Congrats to Rick for participating in the discussion. It's not often that someone takes the risk of joining in a debate like this.
I suspect Kids Can works at a very different level from many community groups, and that its staff are probably better paid than many in the community sector.
I don't necessarily see that as a problem. Should we condemn an organisation because its staff are paid a reasonable amount? Of course I'd hope that the staff costs are 'reasonable', but I don't have the assumption that charity staff should only work for the love of it.
I'd rather that more community organisations could afford to pay more. That way we'd have less burn out, and more people staying in the sector.
I do think more transparency is needed in the sector, especially where there are 'competing' charities.
But I think you have to be careful comparing 'admin' costs. If the charity provides a service then admin costs will be high. An example is a community law centre (disclosure: I used to work for one) where wages will make up the bulk of the costs.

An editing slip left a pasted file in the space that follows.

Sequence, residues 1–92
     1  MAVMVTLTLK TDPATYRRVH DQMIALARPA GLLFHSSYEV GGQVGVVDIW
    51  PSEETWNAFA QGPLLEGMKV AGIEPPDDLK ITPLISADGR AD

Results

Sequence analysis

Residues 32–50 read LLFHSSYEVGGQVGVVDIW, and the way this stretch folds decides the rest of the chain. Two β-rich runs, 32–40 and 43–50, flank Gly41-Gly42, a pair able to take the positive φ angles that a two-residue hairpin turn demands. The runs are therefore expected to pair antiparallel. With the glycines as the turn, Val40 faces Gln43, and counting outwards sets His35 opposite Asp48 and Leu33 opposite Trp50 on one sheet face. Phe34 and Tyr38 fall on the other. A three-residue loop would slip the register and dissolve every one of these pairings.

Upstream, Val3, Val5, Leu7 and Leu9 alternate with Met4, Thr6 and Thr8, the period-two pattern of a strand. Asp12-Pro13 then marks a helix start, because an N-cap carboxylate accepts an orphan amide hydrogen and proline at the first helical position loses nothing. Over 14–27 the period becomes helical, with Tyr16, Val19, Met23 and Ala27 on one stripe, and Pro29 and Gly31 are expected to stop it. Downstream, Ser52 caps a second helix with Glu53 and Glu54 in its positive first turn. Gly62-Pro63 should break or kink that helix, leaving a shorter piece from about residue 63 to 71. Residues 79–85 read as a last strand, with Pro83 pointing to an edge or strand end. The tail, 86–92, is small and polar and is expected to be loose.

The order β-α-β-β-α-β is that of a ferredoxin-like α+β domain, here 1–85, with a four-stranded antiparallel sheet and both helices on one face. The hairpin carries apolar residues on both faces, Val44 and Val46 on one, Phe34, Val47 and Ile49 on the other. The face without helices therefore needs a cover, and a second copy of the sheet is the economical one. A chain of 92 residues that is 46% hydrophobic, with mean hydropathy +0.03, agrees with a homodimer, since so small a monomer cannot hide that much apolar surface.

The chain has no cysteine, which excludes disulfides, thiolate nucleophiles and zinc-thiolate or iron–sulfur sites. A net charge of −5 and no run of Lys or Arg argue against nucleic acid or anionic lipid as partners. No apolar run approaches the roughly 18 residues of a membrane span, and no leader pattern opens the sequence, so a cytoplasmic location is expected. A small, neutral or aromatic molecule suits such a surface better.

In that sense you need to consider like with like. You could look at how many clients a charity is providing services for per $. Then you need to consider quality. Advice for some clients might take weeks if not months, others might only need 5 minutes. And cut rate services may not be useful for clients.
There is also a real danger in insisting in low admin costs. Many charities suffer from poor 'management' because of the reluctance to fund admin. Some charities may well need more admin not less.
For e.g. charities end up creating new projects because you can get funding for those and then try to recover some costs to pay for admin. If they could get admin funding, they would spend less time working on new projects and more time on their core role.
I also think government needs to be very careful in backing one group over another. Often people who have been working on an issue for years miss out to shiny new groups with a more 'positive' attitude.